In every Anglo-Indian household, the sweet scent of cardamom and the sound of wrapping paper marks the arrival of Christmas. Rooted in a history spanning 500 years, this community’s traditions are embedded in cherished recipes passed down through generations. Despite the richness of their heritage, the Anglo-Indian community is experiencing a decline in numbers, casting a shadow over their distinctive Christmas celebrations. This year, Social Nation would like to celebrate the traditional recipes that the community swears by and you could enjoy too! We curated a list of the yummiest Indian Christmas recipes we found on YouTube that would make your holiday simply jolly.

Certain recipes hold a special place. Kuswar is a plate of sweets and snacks enjoyed during Christmas among Christians in the Konkan region. In Goa and Karnataka, 22 recipes form this unique plate. In Bombay, East Indian Catholics celebrate Koswad, a dinner that symbolizes the spirit of ‘sharing’ with dishes like kidyos, nevryos, Christmas cakes, duck roasts, and marzipan. For many, Christmas mornings are marked by the joy of making these treats alongside family. Another culinary gem is the rose cookie, which transcends mere food; they become tokens of affection shared with the neighbourhood, highlighting the spirit of generosity that defines the season. So, dear reader, put on your favourite Christmas movie on Netflix, wear your cute apron and jingle your bell way into making these recipes.

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These are classic candies that are shaped like little curls. Every Indian Christmas meal comes with these deep-fried sweet pastry snacks. Indian Catholics from Maharashtra, Goans, and Mangalore make it. Some say that Kulkuls are a variation of the Portuguese Filhoses Enroladas, a Christmas dessert made of curved noodles or deep-fried, glazed rolls. It is thought that Kulkulsarrived in India via the Portuguese. Instead of baking, these curls are deep-fried, and to enhance the flavour, they are rolled in sugar. Yum!

Ingredients you need: All-purpose flour, semolina, powdered sugar, ghee, milk, salt and oil

Rose Cookies

Rose Cookies, also called Achappam in Kerala, are a beloved Anglo-Indian treat, especially popular among Indian Christians during Christmas. Whether known as Rose cookies or Rose Cake, these crispy, sweet delights, also called Rosettes, are a common sight on Christmas platters, known as Kuswar. Deep-fried to perfection, they are so addictive that people enjoy them throughout the year. In South India, especially in Kerala, these cookies are made with coconut milk, giving them a unique taste.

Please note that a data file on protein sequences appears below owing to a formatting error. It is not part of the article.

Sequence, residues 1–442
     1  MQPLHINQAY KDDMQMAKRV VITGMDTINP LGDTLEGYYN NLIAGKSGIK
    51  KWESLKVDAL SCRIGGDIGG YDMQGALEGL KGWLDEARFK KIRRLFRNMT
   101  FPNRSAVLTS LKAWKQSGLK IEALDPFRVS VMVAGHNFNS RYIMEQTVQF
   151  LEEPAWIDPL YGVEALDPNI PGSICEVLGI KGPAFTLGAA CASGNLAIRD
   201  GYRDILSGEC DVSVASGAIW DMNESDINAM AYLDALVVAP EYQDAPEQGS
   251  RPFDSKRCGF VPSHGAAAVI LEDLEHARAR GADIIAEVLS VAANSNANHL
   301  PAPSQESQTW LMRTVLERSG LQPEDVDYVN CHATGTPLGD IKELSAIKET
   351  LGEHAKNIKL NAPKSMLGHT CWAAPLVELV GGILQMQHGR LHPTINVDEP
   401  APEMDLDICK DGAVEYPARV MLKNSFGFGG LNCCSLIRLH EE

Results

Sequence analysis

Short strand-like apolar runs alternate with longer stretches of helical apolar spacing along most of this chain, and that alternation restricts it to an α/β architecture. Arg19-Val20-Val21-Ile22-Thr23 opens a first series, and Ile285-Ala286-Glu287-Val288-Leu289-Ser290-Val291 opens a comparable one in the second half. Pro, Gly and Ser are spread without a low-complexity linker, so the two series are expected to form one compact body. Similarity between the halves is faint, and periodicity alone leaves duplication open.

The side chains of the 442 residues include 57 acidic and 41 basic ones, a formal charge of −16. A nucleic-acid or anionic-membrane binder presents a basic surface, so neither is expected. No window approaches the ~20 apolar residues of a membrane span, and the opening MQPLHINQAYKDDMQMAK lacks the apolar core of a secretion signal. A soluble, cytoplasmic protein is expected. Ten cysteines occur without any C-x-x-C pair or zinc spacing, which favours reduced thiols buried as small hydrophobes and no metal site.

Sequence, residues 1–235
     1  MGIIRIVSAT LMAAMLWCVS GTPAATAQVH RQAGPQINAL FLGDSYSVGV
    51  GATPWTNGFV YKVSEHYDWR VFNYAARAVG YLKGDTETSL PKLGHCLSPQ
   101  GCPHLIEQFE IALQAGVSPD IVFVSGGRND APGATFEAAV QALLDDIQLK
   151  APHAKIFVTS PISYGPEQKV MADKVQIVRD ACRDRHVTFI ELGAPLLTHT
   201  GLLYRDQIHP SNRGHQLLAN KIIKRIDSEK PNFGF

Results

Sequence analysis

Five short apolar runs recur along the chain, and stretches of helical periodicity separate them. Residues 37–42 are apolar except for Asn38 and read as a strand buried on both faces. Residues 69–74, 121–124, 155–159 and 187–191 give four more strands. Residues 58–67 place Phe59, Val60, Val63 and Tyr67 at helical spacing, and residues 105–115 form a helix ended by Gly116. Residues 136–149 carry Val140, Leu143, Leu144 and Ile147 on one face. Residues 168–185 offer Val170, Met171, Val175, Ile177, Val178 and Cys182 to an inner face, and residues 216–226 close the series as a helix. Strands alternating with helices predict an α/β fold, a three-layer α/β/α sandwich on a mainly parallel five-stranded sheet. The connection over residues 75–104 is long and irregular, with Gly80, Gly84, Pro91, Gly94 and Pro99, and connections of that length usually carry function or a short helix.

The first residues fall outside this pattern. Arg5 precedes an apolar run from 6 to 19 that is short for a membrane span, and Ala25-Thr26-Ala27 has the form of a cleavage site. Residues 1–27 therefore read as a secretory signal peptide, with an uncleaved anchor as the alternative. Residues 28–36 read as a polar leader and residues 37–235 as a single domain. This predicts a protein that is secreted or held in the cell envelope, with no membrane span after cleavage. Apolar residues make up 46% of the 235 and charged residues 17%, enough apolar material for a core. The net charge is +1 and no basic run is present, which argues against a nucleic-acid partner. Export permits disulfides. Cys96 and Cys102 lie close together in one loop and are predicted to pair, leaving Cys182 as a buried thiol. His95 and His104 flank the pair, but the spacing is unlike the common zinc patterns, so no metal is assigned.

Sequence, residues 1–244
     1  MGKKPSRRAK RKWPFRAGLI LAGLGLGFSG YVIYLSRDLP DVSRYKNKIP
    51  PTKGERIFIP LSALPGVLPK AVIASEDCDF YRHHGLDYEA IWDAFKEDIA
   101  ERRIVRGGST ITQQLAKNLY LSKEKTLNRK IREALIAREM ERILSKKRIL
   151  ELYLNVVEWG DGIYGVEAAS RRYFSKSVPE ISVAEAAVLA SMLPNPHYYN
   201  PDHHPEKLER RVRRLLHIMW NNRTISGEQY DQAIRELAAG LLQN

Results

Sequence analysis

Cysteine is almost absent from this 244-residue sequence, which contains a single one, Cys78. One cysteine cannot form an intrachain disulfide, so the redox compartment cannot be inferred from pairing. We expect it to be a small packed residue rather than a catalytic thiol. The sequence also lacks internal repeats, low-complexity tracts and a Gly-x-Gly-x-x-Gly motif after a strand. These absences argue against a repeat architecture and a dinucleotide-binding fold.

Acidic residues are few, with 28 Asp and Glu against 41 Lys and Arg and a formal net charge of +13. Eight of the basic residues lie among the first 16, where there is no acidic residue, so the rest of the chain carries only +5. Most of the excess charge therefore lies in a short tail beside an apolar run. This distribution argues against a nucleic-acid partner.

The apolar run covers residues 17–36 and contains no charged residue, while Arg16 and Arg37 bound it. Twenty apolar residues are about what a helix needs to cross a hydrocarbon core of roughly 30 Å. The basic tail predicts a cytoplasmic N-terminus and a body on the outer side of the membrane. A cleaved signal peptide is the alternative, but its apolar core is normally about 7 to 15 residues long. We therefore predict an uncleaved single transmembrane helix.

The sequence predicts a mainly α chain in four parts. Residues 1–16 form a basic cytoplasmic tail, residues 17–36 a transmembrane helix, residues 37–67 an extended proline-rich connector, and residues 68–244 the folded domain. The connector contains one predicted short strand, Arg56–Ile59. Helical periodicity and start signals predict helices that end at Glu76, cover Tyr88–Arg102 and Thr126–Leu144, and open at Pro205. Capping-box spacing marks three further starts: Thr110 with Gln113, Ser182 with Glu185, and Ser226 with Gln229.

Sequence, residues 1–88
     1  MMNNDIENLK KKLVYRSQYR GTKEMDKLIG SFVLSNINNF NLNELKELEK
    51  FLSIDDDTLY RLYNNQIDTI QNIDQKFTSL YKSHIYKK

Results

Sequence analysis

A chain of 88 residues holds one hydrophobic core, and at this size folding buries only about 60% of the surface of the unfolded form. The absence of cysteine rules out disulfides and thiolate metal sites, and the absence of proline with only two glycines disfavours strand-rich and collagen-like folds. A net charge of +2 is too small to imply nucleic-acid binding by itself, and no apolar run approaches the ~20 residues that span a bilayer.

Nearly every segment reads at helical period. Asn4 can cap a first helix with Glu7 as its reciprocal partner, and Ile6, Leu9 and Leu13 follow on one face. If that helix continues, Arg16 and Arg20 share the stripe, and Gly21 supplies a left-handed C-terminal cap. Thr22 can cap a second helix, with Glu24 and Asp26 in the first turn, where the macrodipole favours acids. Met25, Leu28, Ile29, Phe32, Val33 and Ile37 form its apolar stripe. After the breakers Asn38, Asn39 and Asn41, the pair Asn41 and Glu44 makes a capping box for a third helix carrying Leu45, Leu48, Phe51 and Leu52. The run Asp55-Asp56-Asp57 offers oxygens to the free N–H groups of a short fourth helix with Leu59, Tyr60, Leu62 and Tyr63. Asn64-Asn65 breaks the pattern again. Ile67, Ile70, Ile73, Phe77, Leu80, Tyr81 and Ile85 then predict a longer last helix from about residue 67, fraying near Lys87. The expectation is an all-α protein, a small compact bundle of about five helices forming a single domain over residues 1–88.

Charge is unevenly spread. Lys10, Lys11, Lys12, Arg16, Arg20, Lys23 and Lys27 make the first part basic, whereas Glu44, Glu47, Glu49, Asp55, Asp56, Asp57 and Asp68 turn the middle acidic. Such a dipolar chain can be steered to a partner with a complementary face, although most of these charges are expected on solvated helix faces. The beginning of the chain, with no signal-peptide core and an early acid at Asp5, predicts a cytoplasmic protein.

Ingredients you need: Egg, powdered sugar, salt, milk, all purpose flour, rice flour, black sesame seeds and oil.

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Plum Cake

Plum Cake is a Christmas essential in India, and its origins can be traced to Thalassery, Kerala. The Royal Biscuit Factory, established by Mambally Bapu in 1880, holds the honour of creating India’s first Christmas fruitcake. In 1883, inspired by a sample brought from England by British planter Murdoch Brown, Bapu added local spices and a brew made from cashew apple and banana, giving the Plum Cake its unique Indian twist. No Indian Christmas celebration is truly complete without a slice of this rich and flavourful treat!

Ingredients you need: Dates, raisins, tutti frutti, mixed berries, fig, apricot, grape juice, butter, brown sugar, oil, curd, all purpose flour, almond powder, baking soda, baking powder, salt, clove powder, cinnamon powder, pistachios, cherry and cashew (It is quite a lot but soooo worth it!)


Also known as ‘bibik,’ Bebinca is Goa’s favorite Christmas dessert with a strong Portuguese history. It’s rightly dubbed the ‘Queen of Goan Desserts.’ Though its origin is a mystery, some say Portuguese nuns created it in the 17th century. What makes Bebinca unique is not just its delicious taste but also the zero-waste baking approach. Legend says that it was born as a solution to save leftover egg yolks. A nun named Bebiana created a seven-layered pudding representing the hills of Goa and Lisbon. Priests, impressed but wanting more, suggested increasing layers to at least a dozen. Now, Bebinca can have 7 to 16 layers! If you’re heading to Goa this Christmas, make sure you don’t miss the chance to enjoy this iconic Goan treat.

Ingredients you need: Coconut milk, lots of egg yolks, lightly beaten, all-purpose flour, nutmeg powder, sugar, water and ghee.

Guava Cheese

Guava Cheese, or Perad, is a delicious traditional Indian Christmas sweet crafted during the festive season. With roots traced to Portuguese colonialists, this multicultural treat is a favorite among East Indians and Goans in India. Boasting a chewy and fudgy texture, every bite is a delightful burst of guava flavor. Once you indulge in these cheesy, tempting chunks, you’ll find yourself craving more.

Ingredients you need: Guava pulp, sugar, butter, lemon juice and salt

Don’t just read! Go get in the kitchen now ♡

While curating this list of Anglo-Indian Christmas treats, we’ve uncovered more than just recipes; we’ve discovered stories passed down through generations. These dishes aren’t just about ingredients; they’re about family and culture. Let’s remember that each bite carries with it a piece of tradition and a connection to a unique heritage. Whether you’re enjoying the crunch of kalkals, the sweetness of rose cookies, the richness of plum cake, the layers of Bebinca, or the chewiness of guava cheese, each dish has a story to tell. 

May your holiday season be filled with the flavours of tradition and the warmth of shared moments. Here’s to a Merry Christmas filled with joy and delicious memories!